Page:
JaK Studio was approached to design a luxury villa outside of Riyadh, Saudi Arabia. Being a part of a new private development, the location is set in a secluded desert valley surrounded by cliffs.
Project Name: Desert Flower
Studio Name: JaK Studio
Area: 20.000 sqf
Location: Riyadh, Kingdom of Saudi Arabia
CGI Credits: JaK Studio
A very specific design brief, with many luxury amenities, included a separate guest house, possibility to accommodate large extended family, domestic help accommodations and a pool pavilion.
The inspiration of the aesthetic appearance of the villa is the Desert Flower. Each pavilions shape is reminiscent of a flower with petals that is sitting on a body of water, an oasis in the middle of the desert. Pavilions are connected with a large glass atrium that spans two floors and is the main house communication. The guesthouse follows the same design pattern, with three different pavilions, giving it sculptural appearance at the entrance of the complex.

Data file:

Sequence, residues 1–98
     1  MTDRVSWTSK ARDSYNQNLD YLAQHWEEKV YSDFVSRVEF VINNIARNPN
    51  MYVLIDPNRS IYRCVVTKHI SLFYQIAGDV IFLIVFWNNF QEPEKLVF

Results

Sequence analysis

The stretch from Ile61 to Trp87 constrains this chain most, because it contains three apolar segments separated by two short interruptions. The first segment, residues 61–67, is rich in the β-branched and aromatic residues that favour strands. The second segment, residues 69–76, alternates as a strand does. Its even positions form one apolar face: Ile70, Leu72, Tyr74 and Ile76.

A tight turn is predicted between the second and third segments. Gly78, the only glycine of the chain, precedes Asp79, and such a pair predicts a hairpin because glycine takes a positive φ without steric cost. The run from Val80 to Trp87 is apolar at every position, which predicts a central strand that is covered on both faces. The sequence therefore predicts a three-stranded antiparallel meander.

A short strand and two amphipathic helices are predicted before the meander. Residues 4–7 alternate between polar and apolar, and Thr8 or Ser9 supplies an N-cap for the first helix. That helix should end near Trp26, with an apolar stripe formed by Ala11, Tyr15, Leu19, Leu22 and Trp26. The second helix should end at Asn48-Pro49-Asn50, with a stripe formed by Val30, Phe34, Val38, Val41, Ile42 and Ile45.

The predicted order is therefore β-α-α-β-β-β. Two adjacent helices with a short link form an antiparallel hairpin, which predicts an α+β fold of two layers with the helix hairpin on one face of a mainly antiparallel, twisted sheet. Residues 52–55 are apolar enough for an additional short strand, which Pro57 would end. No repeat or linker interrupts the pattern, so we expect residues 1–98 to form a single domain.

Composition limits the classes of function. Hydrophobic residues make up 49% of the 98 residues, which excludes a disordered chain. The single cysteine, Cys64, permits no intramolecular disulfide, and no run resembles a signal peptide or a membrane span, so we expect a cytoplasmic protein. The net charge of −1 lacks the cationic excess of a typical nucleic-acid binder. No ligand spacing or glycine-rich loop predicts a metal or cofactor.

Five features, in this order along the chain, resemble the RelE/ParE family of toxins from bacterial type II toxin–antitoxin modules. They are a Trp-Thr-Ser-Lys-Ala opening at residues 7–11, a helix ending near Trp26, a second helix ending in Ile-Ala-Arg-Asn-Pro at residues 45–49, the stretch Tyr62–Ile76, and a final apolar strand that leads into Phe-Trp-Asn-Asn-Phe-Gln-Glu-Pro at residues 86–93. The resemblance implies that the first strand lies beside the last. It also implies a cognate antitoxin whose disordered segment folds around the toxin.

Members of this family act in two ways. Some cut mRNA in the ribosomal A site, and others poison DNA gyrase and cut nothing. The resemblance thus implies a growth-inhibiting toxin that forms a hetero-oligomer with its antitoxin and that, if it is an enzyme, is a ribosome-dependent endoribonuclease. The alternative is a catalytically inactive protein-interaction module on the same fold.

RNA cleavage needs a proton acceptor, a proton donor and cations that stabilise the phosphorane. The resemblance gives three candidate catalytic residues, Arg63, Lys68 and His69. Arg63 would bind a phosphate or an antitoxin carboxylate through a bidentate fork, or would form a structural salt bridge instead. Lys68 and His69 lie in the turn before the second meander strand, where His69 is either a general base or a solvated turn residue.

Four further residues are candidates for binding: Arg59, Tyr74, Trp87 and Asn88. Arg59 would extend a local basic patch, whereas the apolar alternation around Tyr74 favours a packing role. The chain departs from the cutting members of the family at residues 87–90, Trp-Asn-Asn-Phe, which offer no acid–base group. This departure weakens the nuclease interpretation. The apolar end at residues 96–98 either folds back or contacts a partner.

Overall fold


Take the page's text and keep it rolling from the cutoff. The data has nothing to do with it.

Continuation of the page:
The first challenge that arose is from the narrow nature of the plot and its position regarding the main road. The main villa and the guest house sit on a gently sloping terrain. The access driveway cuts through the cliffs to slowly reveal the house behind it. The ground floor is half-buried in the cliff and houses large entrance foyer, servants accommodation and underground parking.
Main house room are located upstairs and are split by groups each in its own pavilion. Family Majilis and living room areas are overlooking the outside pool and have direct access to it. Large sliding folding doors allow the space to be fully open, thus blurring the line between indoor and outdoor space.
Abstract about practice:
JaK Studio is an award winning RIBA chartered practice of architects and designers based in London and Sarajevo. The Studio’s work is bound together by big ideas and progressive concepts regardless of their size. Led by partners Jacob Low and Kenan Klico, recent projects include the Listening Project Booth for BBC Radio 4, Villa Brash in Saint Tropez, and London’s first ‘Invisible House’.